In addition to the educational text messages, participants also received two weekly check-in messages on Friday that asked them about their fatigue levels over the previous week, and whether they had applied any of the tips from that week’s SMS text messages.

The study included 27 people with disabilities living in a U.S. Midwestern city — nine had MS, nine had spinal cord injury, and nine stroke. All were experiencing fatigue that impacted their daily lives.

Nearly two-thirds of the participants (63%) were women (63%); the mean age was 49.7. Before and after the intervention, the participants completed a number of health assessments, and a satisfaction questionnaire also was handed out after the intervention.

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92% were very or mostly satisfied with Mobile Health intervention

Overall, 25 patients (93%) completed the full study, with an SMS response rate of 85.2%. MS participants had the highest response rate — 96.8% — suggesting a high acceptability and adherence to the intervention.

Most patients (92%) reported being “very” or “mostly” satisfied with the intervention, and 92% would recommend it to a friend. Also, around 88% said the intervention helped them more effectively cope with their problems, and 84% believed the program was of “excellent” or “good quality.” Finally, 87.5% indicated they would participate again, supporting the intervention’s acceptability.

Regarding health outcomes, the intervention had a moderate effects on two measures of fatigue, and it also improved sleep and patients’ satisfaction with participation in social activities. There also was a small effect on self-efficacy in managing symptoms.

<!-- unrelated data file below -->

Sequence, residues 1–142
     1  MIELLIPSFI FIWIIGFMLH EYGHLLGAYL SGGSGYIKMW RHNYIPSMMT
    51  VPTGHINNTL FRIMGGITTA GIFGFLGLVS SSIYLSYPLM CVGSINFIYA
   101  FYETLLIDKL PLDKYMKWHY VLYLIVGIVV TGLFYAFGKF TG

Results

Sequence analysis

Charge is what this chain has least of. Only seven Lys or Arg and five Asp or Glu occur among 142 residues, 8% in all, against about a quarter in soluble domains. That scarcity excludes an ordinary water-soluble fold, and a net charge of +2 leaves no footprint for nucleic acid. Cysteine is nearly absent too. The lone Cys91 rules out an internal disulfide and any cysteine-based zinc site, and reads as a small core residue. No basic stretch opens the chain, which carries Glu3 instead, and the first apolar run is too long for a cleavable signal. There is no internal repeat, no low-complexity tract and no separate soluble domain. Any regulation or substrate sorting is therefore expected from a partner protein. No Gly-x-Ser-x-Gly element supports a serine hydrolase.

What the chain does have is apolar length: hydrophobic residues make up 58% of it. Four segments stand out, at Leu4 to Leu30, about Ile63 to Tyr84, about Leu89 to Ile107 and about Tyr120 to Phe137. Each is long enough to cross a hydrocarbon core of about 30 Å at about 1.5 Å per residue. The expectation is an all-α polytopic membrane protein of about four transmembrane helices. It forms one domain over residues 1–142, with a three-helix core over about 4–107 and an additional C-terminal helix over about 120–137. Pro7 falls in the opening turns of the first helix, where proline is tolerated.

This study provides initial feasibility and health outcome change evidence to support an SMS text messaging intervention to manage fatigue in [people with disabilities].


There was no effect, however, on patient activation — defined as having the knowledge, skills, and confidence to manage their health.

In a qualitative analysis of the program, 15 participants considered it helpful and informative, and two said they were motivated by the messages. As strengths of the intervention, seven participants indicated its simplicity and accessibility, and five considered that the consistency and repetition of the messages throughout the week reinforced positive behavior changes.

Regarding the program weaknesses, four patients indicated that some contents overlapped too greatly, and three patients preferred more action-oriented content tailored to their disability.

“This study provides initial feasibility and health outcome change evidence to support an SMS text messaging intervention to manage fatigue in [people with disabilities],” the researchers wrote.

According to the team, future trials testing the intervention’s efficacy should include appropriate controls and a larger number of participants.